Kangwon Land Drops on Korean Plan to Curb Gambling

(Bloomberg) – Kangwon Land Inc., the operator of South Korea’s only casino open to local citizens, dropped the most since its listing seven years ago after the government said it plans to control gambling.

Kangwon Land dropped 11.8 percent to close at 20,900 won, the most since the company’s shares started trading in October 2001. The benchmark Kospi stock index declined 0.05 percent.

South Korea’s National Gaming Control Commission yesterday said it intended to limit total annual revenue of the gambling industry, including horse racing, lottery tickets and casinos, to about 14 trillion won (USD 13.4 billion).

„The government’s plan may limit Kangwon Land’s revenue from the casino business and this will lead the company to cut its profit forecast,“ Han Seung Ho, an analyst at Shinyoung Securities Co., said in a report today. He’s maintaining his „buy“ rating on the stock because the plans haven’t been completed.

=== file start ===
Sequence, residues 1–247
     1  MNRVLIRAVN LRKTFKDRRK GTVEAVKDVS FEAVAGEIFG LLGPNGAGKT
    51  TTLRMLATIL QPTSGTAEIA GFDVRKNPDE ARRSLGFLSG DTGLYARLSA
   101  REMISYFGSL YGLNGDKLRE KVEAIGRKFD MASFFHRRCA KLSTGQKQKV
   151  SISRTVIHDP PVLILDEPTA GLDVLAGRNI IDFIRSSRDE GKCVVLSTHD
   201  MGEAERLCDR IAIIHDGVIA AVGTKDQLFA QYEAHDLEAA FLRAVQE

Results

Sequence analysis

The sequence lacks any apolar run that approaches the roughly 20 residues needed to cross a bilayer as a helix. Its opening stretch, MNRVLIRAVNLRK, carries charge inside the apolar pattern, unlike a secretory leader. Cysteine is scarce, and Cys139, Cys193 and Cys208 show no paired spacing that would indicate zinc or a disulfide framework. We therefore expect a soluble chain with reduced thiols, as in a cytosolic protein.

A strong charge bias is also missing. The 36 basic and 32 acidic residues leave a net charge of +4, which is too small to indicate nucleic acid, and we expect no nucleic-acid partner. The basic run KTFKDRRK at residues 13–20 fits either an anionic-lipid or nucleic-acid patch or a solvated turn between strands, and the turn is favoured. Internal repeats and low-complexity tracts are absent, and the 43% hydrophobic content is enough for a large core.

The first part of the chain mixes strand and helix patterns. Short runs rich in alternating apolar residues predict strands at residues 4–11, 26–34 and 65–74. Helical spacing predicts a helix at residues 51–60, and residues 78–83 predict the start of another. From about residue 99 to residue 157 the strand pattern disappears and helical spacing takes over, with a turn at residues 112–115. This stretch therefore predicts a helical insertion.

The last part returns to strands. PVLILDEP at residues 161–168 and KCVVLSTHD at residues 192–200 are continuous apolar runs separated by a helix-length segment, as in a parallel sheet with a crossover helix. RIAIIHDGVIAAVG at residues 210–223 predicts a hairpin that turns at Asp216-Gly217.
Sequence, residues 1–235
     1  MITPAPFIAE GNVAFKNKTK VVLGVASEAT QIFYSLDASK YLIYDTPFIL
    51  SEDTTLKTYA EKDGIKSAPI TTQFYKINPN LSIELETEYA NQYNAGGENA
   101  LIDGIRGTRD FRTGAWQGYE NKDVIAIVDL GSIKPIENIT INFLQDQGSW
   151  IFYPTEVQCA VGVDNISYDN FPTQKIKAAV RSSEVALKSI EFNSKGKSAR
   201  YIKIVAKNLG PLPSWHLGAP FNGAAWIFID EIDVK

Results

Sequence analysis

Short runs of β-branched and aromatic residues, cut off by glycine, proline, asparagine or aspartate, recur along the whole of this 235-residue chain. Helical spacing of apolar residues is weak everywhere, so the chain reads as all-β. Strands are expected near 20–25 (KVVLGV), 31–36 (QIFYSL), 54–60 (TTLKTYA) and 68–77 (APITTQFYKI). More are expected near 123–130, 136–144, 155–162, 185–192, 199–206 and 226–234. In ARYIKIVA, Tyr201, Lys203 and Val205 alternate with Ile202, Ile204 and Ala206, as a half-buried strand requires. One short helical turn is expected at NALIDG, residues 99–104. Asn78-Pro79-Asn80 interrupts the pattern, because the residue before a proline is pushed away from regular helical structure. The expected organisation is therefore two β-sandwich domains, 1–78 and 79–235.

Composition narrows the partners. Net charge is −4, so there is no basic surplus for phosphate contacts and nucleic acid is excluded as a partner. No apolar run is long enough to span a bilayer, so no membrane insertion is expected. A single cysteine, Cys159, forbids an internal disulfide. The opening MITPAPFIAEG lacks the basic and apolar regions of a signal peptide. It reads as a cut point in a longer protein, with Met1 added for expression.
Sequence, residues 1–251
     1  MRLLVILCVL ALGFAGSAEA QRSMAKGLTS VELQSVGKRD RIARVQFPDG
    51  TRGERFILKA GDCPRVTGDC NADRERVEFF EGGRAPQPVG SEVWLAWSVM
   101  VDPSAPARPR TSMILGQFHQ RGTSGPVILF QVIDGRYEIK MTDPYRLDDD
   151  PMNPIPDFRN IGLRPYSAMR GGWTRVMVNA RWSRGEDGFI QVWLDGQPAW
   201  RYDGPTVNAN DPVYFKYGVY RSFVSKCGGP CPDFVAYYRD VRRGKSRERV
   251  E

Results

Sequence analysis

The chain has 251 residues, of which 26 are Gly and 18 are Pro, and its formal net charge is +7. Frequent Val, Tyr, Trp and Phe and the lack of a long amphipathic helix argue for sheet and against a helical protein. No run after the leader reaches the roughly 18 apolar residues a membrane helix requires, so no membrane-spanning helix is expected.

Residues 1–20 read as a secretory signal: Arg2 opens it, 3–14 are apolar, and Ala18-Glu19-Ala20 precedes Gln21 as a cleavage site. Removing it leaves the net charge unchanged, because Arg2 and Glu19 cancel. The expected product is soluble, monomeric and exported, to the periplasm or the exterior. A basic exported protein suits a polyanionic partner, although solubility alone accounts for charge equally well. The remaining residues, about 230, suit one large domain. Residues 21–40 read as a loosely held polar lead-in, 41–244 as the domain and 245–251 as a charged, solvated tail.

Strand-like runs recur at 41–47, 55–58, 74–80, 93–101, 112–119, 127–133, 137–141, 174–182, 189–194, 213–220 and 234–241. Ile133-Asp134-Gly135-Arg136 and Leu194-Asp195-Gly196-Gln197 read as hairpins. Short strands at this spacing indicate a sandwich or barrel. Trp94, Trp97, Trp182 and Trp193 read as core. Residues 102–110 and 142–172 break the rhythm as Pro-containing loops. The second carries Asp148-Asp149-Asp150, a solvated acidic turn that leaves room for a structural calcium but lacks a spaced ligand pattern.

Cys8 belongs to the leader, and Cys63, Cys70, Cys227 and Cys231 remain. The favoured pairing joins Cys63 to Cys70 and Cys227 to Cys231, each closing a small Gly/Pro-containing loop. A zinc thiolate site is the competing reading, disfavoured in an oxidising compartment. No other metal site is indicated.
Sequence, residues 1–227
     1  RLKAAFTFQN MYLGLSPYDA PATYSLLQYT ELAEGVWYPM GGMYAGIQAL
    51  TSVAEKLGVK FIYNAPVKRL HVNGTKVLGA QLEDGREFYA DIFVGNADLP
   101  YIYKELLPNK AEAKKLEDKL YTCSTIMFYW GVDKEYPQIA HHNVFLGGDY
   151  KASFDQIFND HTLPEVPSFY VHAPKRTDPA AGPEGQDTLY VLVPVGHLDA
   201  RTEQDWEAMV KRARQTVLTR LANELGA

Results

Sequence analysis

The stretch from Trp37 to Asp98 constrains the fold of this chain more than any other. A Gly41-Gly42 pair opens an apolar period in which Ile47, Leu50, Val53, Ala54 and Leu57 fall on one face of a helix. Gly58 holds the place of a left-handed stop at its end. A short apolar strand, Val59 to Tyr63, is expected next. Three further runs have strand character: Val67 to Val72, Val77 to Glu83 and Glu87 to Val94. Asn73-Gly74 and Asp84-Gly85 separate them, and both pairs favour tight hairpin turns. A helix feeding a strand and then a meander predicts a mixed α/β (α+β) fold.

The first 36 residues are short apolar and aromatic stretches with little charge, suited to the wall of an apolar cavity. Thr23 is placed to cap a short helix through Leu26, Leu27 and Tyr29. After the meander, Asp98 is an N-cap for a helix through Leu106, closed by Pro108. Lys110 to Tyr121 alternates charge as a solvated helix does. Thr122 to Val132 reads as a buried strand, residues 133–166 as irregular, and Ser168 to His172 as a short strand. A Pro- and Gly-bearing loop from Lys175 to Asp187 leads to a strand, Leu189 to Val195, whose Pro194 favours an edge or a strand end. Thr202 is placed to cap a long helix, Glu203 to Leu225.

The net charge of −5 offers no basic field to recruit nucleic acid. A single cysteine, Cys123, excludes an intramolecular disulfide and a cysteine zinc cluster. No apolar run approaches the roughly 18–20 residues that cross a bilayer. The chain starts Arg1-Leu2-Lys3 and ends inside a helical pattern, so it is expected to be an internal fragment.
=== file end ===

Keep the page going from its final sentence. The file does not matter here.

The gambling industry’s earnings accounts for 0.67 percent of gross domestic product in South Korea, according to the commission. That’s higher than the average 0.58 percent for members of the Organisation for Economic Cooperation and Development.

South Korea’s government plans to introduce an e-card system which will cap excessive betting of gamblers and tighten regulations on the entry of new players in the industry. The commission said it will complete the plans next month.

„I am not sure the government’s plan will be realized as gambling operators will firmly resist it,“ said Jeong Woo Cheol, an analyst at Mirae Asset Securities Co., said in a report. „Still, this is bad news for the momentum of the stock.“

Today’s share-price decline extends Kangwon Land’s slide this year to 15 percent, compared with a 19 percent drop in the Kospi index.